A Colorado high school was forced to suspend classes Wednesday after one of its teaching staff died from what appeared to be a case of bacterial meningitis.

Teacher Maddie Schmidt reportedly manifested symptoms consistent with bacterial meningitis before passing away over the weekend, the Arapahoe County Public Health Department said, per FOX Business.

Eaglecrest High School canceled all afterschool activities and sports out of precaution following the 24-year-old teacher's demise, according to a letter from the Cherry Creek School District, headquartered in Greenwood Village in the Denver metro area.

Health officials also alerted the school's staff and families of students who were in close contact with the Instructional Learning Center (ILC) teacher before she got hospitalized.

"We take this matter very seriously and are working closely with Arapahoe County Public Health (ACPH) to identify students or staff who may have been in close contact with the infected staff person," the district's letter noted.

A district spokeswoman also confirmed to 9NEWS on Wednesday that another ILC staff died over the weekend. Judith Geoffroy, 63, reportedly passed away during the same period, but it was not clear if her death was related to Schmidt's.

The coroner's office said autopsies were already performed on both cases, but their causes of death are still unknown pending additional lab test results.

"We're very concerned about this case. It causes invasive disease very quickly," Arapahoe Public Health's chief medical officer Christopher Urbina said of Schmidt's case.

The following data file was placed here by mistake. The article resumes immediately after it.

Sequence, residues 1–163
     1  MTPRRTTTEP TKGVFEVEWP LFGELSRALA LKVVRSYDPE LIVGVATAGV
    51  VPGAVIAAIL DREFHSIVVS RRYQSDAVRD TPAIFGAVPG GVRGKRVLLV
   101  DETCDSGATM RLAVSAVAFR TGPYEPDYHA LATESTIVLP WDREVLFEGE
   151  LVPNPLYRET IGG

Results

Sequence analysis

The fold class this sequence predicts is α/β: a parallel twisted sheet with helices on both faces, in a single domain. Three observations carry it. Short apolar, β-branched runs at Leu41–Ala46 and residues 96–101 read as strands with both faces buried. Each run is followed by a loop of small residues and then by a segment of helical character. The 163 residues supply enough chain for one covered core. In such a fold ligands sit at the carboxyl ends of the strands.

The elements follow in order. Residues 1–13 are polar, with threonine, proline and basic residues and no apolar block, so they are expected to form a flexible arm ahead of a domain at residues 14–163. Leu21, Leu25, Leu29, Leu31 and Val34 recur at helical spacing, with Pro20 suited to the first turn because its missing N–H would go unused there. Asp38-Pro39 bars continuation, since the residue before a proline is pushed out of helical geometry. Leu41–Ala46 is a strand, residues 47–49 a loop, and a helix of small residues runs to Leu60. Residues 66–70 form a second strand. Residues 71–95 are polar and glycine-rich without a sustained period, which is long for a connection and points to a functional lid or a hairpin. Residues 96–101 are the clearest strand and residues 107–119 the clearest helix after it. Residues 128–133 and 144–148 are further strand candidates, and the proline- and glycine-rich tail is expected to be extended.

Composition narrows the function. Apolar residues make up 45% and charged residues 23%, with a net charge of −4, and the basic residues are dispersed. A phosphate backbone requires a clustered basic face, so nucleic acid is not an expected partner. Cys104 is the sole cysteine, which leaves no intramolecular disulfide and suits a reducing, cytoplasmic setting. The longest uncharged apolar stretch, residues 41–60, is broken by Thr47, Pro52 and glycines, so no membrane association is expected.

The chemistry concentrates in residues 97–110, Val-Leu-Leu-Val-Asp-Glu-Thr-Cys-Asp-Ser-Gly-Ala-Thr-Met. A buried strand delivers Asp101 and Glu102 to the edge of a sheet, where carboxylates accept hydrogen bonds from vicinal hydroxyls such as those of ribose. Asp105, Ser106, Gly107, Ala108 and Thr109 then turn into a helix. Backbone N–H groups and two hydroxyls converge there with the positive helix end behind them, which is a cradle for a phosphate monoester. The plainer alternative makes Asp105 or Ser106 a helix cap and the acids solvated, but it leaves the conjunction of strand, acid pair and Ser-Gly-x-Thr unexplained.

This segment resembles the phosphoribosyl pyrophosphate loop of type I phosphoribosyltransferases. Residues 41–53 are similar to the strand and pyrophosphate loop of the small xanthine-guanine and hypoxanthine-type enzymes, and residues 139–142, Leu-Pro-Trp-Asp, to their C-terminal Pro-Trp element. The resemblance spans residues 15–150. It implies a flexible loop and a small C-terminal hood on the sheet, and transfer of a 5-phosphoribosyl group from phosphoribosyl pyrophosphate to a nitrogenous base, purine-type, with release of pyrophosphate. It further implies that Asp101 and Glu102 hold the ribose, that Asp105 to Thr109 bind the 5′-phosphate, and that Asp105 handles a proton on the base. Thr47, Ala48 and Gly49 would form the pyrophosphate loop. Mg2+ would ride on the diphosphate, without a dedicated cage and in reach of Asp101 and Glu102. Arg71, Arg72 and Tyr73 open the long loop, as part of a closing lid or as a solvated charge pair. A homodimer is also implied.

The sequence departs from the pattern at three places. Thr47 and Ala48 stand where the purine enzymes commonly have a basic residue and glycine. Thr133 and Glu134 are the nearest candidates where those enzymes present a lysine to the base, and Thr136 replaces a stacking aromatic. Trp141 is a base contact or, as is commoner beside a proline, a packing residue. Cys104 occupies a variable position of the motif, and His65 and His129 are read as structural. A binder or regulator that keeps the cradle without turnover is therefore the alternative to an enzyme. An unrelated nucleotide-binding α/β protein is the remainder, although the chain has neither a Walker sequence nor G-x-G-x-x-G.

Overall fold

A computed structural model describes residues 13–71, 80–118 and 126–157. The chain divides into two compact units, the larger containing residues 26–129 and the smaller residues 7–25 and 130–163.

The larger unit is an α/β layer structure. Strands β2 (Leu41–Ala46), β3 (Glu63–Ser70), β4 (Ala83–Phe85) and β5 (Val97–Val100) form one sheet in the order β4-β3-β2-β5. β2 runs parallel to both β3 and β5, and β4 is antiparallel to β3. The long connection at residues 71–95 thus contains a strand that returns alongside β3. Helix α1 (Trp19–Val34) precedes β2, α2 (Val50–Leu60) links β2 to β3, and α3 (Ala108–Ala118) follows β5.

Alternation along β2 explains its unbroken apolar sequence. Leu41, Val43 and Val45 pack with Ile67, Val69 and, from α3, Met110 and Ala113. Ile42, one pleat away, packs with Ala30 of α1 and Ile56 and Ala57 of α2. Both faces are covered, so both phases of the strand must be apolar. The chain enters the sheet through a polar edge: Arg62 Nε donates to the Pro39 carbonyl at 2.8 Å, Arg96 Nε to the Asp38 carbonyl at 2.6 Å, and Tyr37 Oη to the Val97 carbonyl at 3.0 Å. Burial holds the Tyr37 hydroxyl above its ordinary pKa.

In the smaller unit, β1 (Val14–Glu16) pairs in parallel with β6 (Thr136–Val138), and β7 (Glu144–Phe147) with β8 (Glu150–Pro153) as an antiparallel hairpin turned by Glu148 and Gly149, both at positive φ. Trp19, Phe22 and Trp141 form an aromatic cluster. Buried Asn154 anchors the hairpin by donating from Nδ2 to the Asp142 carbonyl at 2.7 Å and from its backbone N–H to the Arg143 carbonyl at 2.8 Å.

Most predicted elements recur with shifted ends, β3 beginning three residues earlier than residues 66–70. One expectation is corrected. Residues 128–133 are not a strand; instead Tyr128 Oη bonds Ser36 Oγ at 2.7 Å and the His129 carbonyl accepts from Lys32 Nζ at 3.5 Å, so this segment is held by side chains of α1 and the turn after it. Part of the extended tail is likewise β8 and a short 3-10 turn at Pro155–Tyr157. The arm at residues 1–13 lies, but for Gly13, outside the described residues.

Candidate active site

The school athletics and activities will resume Thursday. Health leaders were given a small window to trace all contacts and give them the necessary antibiotics.

Eaglecrest students were supposed to take PSAT and SAT on Wednesday. The school said it would reschedule the tests.

Bacterial meningitis, an infection affecting the meninges or membranes protecting the spinal cord and brain, is considered "serious" by the Centers for Disease Control and Prevention (CDC) since it could cause death in as little as a few hours.

Treatment involves a number of antibiotics, and the agency said treatment should start as soon as possible to prevent death. However, those who recover can have permanent disabilities, including brain damage, hearing loss and learning disabilities.

"Right now, we have one confirmed case. We are doing tracking to see if anyone has symptoms from the exposure. It takes 1-10 days to see symptoms, but typically they see symptoms within 3-4 days," Arapahoe County Health Department's Anders Nelson told 9NEWS.

The signs and symptoms of bacterial meningitis include high fever, severe headache, stiff neck, sleepiness, nausea or vomiting, loss of appetite, irritability, disorientation, confusion and eye sensitivity to light.

Brain Scan
A picture of a human brain taken by a positron emission tomography scanner, also called PET scan, is seen on a screen on January 9, 2019, at the Regional and University Hospital Center of Brest, western France. Fred Tanneau/AFP/Getty Images